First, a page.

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Morrison Hotel the doors poster
Morrison Hotel is the fifth studio album by American rock band the Doors, released February 9, 1970 by Elektra Records. Following the use of brass and string arrangements recommended by producer Paul A. Rothchild on their previous album, The Soft Parade, the band returned to their original blues-rock style and was largely seen as a return to form for the band. The Doors entered Elektra Sound Recorders in Los Angeles in November 1969 to record the album which is divided into two separately titled sides; “Hard Rock Cafe” and “Morrison Hotel”. The group included session bassists Lonnie Mack and Ray Neapolitan on the album’s songs.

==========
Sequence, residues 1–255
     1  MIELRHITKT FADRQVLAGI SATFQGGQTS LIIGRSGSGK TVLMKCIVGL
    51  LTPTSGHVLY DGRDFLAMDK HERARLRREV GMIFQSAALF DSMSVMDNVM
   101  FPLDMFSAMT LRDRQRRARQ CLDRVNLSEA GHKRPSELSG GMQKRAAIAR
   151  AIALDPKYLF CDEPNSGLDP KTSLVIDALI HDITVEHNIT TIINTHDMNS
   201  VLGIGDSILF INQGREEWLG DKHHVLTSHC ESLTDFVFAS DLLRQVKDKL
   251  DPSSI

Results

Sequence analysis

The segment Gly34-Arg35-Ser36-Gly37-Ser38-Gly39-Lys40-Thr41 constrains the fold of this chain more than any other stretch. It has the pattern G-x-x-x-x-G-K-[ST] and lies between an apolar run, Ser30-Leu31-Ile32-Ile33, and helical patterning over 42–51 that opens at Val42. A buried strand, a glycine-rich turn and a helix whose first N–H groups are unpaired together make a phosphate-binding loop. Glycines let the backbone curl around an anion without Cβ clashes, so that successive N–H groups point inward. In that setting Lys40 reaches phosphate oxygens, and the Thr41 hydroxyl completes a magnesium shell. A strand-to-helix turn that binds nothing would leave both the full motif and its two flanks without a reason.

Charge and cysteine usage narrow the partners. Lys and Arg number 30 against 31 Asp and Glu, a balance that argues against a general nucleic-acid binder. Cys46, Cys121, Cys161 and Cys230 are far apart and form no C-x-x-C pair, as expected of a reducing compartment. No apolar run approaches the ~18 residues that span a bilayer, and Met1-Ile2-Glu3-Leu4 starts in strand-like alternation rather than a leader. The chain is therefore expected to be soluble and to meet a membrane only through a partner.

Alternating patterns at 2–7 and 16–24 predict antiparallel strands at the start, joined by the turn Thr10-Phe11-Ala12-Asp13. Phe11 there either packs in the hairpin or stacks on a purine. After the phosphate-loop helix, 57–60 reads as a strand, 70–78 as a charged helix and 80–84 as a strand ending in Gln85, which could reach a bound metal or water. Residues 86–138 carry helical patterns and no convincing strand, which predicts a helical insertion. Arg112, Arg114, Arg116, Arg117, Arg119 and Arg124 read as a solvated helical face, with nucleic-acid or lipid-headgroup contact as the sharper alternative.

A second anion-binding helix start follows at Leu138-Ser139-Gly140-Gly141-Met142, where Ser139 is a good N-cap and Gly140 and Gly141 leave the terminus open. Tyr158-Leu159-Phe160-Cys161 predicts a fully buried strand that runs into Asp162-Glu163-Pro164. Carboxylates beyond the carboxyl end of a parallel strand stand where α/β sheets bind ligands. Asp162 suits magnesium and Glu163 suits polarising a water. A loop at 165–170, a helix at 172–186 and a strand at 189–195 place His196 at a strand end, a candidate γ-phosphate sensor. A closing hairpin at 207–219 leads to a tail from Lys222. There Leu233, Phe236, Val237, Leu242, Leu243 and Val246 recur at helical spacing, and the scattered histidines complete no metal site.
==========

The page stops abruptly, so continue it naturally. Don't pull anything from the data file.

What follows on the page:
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Morrison Hotel’s back to basics approach largely stemmed from the group’s dismay over the protracted sessions for The Soft Parade, which took nine months to record and cost $86,000 (equal to $599,581 today), far more expensive than any previous Doors record. The band had also been stung by the critical reception to the record. On this album, there is a slight steer toward blues, which would be fully explored by the band on their next album L.A. Woman. Morrison Hotel was recorded between November 1969 and January 1970 with the exception of “Indian Summer”, which was recorded in August 1966 during sessions for The Doors (in contrast to the 1969-1970 tracks, additional reverb is evident on Morrison’s vocal) and “Waiting for the Sun”, which was recorded in March 1968 during sessions for the band’s third album. “Queen of the Highway” was previously recorded in a jazzier arrangement (with Harvey Brooks on bass) during The Soft Parade sessions, while “You Make Me Real” (initially revived for the band’s July 1969 Aquarius Theatre engagement) was one of Morrison’s earliest compositions, dating from 1966.
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